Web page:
Queer Spots In and About Butte : No. 39 Police Station 12-09-1906
In the spring of 1906, the Anaconda Standard initiated a new feature, “Queer Spots In and About Butte,” in its hefty Sunday newspaper. Focusing its editorial eye on such topics as ethnic enclaves, landmarks, nearby natural
wonders, and derelict industrial sites, among others, the series profiled a wide range of built environments and landscapes conceived to be “queer,” that is, interesting and singular in early twentieth-century parlance.
While there was no introduction or fanfare announcing the series, it must have been conceived as a continuing feature, given its semi-weekly regularity, its placement at the coveted top of the page, and the distinctive artwork that accompanied the copy. A calligraphic “Queer Spots/In and/About Butte” banner stretched from page edge to edge, flanked by line
drawings that often pertained directly to the story’s topic.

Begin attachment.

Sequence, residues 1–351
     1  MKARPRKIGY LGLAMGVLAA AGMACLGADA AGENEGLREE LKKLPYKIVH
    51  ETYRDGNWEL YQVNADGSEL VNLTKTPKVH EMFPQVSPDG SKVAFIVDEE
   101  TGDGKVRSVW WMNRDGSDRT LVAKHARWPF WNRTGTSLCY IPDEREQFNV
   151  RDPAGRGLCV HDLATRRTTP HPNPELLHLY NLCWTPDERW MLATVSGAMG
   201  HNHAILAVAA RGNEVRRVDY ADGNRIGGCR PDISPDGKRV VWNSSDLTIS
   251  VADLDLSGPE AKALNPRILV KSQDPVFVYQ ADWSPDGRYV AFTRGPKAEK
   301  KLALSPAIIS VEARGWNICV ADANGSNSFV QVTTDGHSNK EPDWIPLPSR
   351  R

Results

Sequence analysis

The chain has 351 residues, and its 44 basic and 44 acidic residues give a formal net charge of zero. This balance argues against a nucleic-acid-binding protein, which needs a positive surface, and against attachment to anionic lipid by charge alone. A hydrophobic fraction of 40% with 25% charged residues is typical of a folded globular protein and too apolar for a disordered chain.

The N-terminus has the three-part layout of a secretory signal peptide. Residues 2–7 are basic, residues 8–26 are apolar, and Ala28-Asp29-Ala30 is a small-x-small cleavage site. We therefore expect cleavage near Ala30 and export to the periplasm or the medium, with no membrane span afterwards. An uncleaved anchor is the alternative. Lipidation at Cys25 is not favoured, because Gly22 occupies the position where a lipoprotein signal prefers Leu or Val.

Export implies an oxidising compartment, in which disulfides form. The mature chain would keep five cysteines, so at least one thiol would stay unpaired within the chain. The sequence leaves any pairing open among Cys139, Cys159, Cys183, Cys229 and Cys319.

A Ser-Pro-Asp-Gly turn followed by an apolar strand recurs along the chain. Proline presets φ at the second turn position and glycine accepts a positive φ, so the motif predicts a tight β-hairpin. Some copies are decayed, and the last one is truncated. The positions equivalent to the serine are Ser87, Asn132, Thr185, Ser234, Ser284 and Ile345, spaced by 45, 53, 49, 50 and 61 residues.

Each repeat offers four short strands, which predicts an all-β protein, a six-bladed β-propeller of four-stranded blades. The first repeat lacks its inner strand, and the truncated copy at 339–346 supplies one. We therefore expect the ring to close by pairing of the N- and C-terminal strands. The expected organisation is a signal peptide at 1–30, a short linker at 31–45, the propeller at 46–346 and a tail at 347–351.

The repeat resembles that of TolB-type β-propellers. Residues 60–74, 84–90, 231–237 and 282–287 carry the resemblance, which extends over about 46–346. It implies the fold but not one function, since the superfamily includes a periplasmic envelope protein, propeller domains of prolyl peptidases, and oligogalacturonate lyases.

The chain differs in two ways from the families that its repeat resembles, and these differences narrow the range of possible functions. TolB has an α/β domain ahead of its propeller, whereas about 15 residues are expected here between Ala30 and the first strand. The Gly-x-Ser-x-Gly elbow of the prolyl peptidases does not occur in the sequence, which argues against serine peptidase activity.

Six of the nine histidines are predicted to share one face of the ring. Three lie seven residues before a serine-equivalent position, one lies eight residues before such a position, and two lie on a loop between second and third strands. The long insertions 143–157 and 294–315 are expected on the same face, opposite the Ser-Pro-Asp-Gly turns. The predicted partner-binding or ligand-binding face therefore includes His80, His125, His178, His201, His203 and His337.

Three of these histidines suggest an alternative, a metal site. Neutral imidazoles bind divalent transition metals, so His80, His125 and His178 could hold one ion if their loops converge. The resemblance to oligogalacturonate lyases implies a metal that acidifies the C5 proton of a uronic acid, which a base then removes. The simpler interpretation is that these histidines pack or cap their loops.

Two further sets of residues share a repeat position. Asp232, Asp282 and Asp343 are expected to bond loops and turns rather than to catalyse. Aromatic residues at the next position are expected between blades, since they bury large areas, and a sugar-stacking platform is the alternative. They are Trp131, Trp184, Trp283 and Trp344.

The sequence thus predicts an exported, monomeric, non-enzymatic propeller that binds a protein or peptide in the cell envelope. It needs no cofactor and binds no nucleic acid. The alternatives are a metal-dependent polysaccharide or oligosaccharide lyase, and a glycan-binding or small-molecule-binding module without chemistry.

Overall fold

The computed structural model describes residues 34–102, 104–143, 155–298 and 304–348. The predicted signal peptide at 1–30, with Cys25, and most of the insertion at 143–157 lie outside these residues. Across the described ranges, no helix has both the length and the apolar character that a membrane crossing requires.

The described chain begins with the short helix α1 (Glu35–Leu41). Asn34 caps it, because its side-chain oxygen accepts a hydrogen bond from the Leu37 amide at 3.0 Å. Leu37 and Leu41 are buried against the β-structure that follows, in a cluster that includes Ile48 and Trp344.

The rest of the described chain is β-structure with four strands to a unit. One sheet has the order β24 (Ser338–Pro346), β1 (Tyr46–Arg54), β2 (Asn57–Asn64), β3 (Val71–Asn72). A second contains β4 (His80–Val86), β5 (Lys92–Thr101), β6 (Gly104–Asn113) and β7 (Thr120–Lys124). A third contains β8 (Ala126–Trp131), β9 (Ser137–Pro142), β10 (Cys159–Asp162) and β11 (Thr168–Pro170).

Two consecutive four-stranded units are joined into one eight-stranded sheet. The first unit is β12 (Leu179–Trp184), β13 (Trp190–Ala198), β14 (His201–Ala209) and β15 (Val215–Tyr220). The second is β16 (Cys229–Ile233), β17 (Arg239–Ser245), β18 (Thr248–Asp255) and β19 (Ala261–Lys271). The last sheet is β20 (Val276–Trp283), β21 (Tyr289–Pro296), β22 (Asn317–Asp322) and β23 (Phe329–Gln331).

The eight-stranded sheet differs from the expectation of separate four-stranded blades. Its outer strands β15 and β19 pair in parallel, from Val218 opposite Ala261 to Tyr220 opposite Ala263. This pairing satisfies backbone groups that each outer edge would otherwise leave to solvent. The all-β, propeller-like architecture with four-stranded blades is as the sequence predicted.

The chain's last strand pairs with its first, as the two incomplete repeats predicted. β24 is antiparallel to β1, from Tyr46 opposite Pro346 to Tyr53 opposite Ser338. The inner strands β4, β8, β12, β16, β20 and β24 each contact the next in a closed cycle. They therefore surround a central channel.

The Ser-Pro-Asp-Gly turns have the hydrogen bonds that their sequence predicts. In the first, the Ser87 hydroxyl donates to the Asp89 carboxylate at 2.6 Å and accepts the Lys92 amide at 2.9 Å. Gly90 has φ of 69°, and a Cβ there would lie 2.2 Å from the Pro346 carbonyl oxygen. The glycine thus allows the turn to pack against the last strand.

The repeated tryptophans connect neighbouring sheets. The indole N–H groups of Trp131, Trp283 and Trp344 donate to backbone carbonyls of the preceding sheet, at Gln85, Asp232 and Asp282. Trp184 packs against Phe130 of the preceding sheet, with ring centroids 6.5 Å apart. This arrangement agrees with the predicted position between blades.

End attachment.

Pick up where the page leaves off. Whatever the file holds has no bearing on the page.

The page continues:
In Copper Chorus : Mining, Politics and the Montana Press, 1889–1959, Dennis Swibold has observed that the Anaconda Standard “owed its existence to Marcus Daly’s wealth, but editor John H. Durston made the paper excellent beyond its means.” Durston’s education (he possessed a Ph.D. from the University of Heidelberg) and vision drove the content and the appearance of the newspaper. Additionally, the Standard employed the most advanced printing technologies available, and by the time “Queer Spots” first appeared, Swibold notes, “Montana’s premier daily was in its prime, its popularity resting on its muscular news and feature sections.”
This supremacy is evident with each “Queer Spots” feature, especially given the many non-stock photographs and drawings that accompany the dense writing. Subjects that initially appeared to be of little interest—or even provoke a flicker of repulsion—for some readers seemed to especially intrigue the uncredited reporter who urged the reader to look beyond the surface. The tone of these stories is a blend of stereotypes, racism, and
an acknowledgement of some quality indicative of their process toward Americanization.